Acclimating Your New Dog to Your Home


As we discussed before, a new dog can be a great way to celebrate the holidays with your family as long as you’re committed to being a loving dog family. Dogs can lighten up any room; studies have shown that a dog’s presence can help relieve stress and can even increase a person’s quality of life. But before your new dog can brighten up your day, it may take a little time for him to acclimate to his new surroundings.

It’s best to have all your supplies prepared before you bring your dog home, so in the week leading up to his arrival, be sure to purchase toys, cleaners, waste bags, food, etc. On the day of his arrival, arrange to bring him directly home from the shelter or his original location. Here are a few other tips to make the next few weeks a little easier on everyone:

  • Take your time while introducing him to new family members. It’s tempting to immediately pet and hug a dog when he arrives at your house, but he needs a little time to gather all the new smells and experiences. For the first day especially, let the dog approach you. Stay calm and offer treats for good behaviors. Keep a close eye on small children who may be a little too eager for your furry friend’s tastes.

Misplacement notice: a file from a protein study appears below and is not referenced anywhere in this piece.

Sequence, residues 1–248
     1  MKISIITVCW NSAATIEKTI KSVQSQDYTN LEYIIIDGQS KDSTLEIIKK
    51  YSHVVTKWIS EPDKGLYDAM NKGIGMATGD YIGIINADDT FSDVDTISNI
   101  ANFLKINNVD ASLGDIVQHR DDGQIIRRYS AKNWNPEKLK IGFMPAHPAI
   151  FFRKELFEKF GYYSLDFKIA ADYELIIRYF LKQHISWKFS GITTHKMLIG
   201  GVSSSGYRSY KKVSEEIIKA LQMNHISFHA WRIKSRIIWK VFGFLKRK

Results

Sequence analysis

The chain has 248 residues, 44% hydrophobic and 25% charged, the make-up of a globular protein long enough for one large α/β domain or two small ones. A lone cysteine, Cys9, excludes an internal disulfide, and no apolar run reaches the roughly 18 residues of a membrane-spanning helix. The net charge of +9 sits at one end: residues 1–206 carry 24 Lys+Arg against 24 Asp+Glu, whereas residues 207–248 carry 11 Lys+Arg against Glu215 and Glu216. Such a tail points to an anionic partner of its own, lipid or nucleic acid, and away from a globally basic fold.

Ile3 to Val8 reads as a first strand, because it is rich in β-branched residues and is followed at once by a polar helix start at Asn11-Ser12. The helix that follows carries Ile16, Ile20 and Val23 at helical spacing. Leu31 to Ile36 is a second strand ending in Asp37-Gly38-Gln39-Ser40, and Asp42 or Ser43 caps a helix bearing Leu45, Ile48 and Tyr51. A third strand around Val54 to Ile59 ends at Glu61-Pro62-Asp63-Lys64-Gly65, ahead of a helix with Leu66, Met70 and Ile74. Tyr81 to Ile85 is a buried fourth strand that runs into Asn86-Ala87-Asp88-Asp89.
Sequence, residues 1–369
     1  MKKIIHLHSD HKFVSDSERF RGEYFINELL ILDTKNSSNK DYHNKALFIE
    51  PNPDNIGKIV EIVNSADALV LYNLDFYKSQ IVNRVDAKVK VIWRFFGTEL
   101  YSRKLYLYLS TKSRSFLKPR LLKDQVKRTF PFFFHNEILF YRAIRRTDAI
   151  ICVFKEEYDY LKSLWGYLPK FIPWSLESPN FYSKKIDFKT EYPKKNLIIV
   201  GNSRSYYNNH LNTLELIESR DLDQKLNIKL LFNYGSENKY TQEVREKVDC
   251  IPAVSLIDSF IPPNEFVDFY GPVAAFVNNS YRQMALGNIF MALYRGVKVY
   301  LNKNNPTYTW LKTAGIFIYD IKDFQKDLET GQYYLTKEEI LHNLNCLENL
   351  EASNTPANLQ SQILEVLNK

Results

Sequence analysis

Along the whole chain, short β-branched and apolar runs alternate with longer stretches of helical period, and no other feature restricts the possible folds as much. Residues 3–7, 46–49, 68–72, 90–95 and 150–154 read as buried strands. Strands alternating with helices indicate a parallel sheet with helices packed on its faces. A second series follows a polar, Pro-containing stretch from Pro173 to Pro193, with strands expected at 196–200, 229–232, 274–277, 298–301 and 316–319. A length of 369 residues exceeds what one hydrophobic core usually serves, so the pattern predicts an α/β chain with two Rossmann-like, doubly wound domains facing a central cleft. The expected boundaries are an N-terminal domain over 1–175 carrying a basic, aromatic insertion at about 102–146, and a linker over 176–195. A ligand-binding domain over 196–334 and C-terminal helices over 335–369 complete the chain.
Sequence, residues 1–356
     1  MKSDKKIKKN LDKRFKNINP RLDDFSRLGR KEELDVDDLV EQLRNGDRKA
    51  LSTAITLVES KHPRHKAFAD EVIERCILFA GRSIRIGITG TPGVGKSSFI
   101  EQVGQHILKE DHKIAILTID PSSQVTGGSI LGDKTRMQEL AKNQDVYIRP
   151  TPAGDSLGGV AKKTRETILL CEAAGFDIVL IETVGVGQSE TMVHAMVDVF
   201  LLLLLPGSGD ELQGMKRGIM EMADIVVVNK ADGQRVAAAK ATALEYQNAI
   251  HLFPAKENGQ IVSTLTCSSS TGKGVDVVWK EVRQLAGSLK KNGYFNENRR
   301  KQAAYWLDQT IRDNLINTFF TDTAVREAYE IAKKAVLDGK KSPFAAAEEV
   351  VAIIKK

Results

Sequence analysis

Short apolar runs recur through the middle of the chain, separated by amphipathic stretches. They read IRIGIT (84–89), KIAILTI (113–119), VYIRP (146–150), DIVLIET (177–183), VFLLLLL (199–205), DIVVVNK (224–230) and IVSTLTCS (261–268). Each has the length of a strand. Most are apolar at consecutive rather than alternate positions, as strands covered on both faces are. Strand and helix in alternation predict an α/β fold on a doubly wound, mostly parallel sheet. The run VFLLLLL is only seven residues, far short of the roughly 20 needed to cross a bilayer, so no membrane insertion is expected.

• Utilize the leash as much as you need. Leashes are great tools for guiding dogs through new and strange experiences. On the first day, you may choose to keep your new dog on a leash as you give him a tour through your home and backyard. Give your dog plenty of outside time and re-establish potty time procedures, even if he has been potty trained before.

  • You may want to crate train for a while. Crate training gives your dog his own safe space when he’s overwhelmed and helps to establish boundaries and routines. Make sure the crate is comfortable with a bed and blanket and a few toys, as well as access to water. You can use the crate to establish bedtime and feeding times, as well as to teach your dog which areas are on- or off-limits.

Above all, patience is the most important thing while your dog is getting used to your home. Especially if he’s coming from a shelter, he’s been through a lot of stressful emotions leading up to his arrival at your home; with a little time and a lot of love, he’ll feel right at home. When establishing your dog’s routines, be sure to include a highly nutritional diet at feeding time. To learn more about human grade dog food, contact us or browse through our site.

Lex Burton